1 800 222 6872

Enchantment: Soft Lights, Sweet Music

Track List

>Settin' It Out
>I'm Who You Found (Not Who You Lost)
>I Believe In You
>Moment of Weakness
>I Can't Fake It
>Soft Lights, Sweet Music
>Are You Ready For Love
>I Can't Be the One
>You and Me
>Settin' It Out [12" Version]

Album Notes

Personnel: Enchantment (background vocals); Bruce Nazarian (guitar); George Roundtree (keyboards); Jerry Jones (drums); Bobby Green, Ed "Mickey" Clanton, Emanuel Johnson, David Banks , Joe "Jobie" Thomas (background vocals).

Liner Note Author: Lewis Dene.

Recording information: Britannia, Los Angeles, CA; United Sound Systems, Detroit, MI; Universal Studio, Chicago, IL.

Photographer: Nick Sangiamo.

Arranger: Emanuel Johnson.

As with most of Enchantment's album, this one too was battling the transition that the music industry was making from disco to the electronic age of music in the '80s. Nonetheless, the Detroit-based showmen maintained their dedication to a wholesome repertoire of music, and this album, their fourth, is no exception. Turning their attention toward more uptempo and mid-tempo grooves, Enchantment does not forfeit their loyalty to that golden vocal sound that has made their music everlasting. The title track, "Soft Lights, Sweet Music," is a dance number blazing with admirable background vocal exchanges that are varnished with E.J. Johnson's skilled vocal delivery that transcends to a merciful ad lib. "I Believe in You" is somewhat of a duet; it features Dave Banks on lead through most of the song, and Johnson, who seductively carries the vocal interlude, augments the end of each verse with his rich tenor.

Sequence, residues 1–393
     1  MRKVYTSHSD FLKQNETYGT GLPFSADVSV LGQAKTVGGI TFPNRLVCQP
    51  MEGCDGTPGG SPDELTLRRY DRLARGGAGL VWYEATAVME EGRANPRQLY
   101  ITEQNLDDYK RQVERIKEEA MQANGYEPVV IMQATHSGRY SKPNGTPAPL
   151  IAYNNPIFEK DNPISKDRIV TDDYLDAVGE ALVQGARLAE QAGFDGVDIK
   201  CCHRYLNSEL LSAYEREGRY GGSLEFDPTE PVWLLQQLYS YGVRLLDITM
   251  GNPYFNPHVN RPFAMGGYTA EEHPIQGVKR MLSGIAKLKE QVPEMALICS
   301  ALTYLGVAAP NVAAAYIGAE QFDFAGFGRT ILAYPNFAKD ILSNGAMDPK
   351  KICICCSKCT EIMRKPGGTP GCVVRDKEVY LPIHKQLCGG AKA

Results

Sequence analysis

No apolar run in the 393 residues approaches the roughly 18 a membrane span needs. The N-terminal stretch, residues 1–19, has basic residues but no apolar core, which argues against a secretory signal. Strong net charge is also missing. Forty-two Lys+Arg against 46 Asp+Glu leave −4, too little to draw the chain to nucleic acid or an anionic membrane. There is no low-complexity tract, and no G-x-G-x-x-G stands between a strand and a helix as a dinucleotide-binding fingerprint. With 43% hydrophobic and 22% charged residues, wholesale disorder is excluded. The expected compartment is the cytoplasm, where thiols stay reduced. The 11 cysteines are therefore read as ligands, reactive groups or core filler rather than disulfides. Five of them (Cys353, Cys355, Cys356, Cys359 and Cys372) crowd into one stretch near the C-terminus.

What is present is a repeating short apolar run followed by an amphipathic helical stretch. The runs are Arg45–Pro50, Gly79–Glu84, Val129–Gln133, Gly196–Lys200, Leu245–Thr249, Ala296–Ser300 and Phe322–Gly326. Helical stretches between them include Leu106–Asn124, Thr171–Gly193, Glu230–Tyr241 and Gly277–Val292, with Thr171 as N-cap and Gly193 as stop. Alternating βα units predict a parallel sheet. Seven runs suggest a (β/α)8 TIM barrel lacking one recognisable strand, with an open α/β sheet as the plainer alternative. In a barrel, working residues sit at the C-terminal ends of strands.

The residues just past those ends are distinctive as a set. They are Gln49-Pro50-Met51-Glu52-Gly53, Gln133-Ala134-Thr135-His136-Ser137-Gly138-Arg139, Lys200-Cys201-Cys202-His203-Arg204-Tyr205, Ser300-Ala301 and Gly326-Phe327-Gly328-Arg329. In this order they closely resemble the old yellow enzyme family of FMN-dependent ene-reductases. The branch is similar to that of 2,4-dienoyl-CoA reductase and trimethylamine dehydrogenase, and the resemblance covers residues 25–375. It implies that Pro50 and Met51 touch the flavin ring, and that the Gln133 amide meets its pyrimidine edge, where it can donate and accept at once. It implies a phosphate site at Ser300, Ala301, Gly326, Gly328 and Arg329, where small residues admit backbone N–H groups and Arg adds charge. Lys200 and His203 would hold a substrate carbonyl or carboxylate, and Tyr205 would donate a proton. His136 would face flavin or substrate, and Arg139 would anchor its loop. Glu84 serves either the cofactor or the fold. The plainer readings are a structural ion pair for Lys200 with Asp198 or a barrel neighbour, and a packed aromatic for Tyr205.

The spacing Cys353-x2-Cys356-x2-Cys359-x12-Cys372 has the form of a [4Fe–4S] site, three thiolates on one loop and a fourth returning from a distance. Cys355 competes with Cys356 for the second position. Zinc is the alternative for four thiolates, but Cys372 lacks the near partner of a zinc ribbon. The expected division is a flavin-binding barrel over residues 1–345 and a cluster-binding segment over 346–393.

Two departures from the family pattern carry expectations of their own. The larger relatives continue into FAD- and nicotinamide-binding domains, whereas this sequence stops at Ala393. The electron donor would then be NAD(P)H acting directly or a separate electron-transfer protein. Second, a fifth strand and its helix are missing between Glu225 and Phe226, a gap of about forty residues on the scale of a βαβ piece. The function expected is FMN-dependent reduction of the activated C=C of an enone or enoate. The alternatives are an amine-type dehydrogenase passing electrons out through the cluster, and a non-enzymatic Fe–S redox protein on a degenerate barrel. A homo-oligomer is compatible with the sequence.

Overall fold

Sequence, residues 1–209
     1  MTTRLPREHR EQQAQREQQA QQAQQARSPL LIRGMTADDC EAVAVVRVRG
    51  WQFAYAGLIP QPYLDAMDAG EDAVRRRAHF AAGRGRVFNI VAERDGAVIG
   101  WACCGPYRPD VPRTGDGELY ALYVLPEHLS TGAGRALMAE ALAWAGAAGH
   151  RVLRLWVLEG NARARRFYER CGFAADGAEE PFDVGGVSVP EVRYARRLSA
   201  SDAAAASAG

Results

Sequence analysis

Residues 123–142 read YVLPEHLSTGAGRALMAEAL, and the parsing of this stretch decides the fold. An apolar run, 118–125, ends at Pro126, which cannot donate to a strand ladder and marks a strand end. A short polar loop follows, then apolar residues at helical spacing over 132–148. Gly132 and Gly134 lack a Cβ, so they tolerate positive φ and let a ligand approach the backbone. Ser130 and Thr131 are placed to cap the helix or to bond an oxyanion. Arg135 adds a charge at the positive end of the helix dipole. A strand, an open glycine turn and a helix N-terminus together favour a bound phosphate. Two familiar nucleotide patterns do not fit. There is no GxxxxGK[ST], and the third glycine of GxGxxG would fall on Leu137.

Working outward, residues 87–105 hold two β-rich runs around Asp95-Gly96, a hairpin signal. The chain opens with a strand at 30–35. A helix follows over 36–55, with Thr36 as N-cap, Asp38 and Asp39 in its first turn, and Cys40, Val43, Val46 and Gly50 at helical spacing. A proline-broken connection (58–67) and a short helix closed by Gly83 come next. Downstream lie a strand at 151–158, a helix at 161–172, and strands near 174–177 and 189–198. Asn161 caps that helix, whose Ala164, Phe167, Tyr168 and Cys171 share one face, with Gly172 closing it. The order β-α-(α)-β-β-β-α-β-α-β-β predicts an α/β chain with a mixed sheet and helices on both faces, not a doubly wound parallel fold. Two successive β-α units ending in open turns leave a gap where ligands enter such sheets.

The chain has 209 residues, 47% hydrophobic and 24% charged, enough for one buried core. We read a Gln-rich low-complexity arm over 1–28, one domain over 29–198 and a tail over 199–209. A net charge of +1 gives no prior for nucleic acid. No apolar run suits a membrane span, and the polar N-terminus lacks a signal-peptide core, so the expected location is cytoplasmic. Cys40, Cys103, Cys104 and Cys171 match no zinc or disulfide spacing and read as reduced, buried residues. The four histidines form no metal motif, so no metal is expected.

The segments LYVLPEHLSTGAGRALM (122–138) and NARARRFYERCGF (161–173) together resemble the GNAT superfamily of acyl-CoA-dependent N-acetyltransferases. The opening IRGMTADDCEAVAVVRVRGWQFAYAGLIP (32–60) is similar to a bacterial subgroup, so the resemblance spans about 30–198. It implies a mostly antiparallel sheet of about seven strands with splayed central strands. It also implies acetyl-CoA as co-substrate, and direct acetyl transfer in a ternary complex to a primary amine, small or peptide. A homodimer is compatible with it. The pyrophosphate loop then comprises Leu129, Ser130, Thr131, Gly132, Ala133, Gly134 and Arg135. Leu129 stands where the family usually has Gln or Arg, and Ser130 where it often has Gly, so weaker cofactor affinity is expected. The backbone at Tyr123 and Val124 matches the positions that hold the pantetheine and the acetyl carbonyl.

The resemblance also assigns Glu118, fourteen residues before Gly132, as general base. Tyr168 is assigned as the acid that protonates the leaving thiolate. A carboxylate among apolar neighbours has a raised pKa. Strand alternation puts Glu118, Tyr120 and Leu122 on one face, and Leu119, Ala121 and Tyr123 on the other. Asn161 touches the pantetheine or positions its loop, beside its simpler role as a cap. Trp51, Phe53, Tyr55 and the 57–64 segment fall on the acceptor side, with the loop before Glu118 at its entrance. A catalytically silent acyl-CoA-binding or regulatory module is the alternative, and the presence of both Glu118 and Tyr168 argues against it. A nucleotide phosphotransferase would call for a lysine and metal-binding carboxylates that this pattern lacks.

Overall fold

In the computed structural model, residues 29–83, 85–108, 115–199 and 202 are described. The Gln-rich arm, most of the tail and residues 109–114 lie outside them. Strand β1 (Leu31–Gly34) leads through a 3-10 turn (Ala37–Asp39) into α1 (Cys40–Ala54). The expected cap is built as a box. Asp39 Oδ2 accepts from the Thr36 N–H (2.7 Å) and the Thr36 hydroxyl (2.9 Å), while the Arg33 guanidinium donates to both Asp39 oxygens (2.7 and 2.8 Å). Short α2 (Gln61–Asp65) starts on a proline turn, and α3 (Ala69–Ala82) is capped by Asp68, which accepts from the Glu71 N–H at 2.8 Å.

"I Can't Fake It" is reminiscent of two other group's that originated in Detroit: the Temptations and the Miracles. Showcasing Joe Thomas on lead, "I Can't Fake It" has all the workings of a Motown classic with a curvaceous background vocal arrangement, compliments of Johnson. Thomas' lead is also featured on "Moment of Weakness." A soft and easy-flowing number that graced the Billboard R&B charts for eight weeks and peaking at number 47. "You and Me," written and led by Johnson's nurturing tenor, this composition is in a class of its own. Maintaining the beautiful arrangement and mesmerizing tone in spite of the creative 3/4 rhythm arrangement. ~ Craig Lytle



Reviews

There are currently no reviews, be the first one!
Login or Create an Account to write a review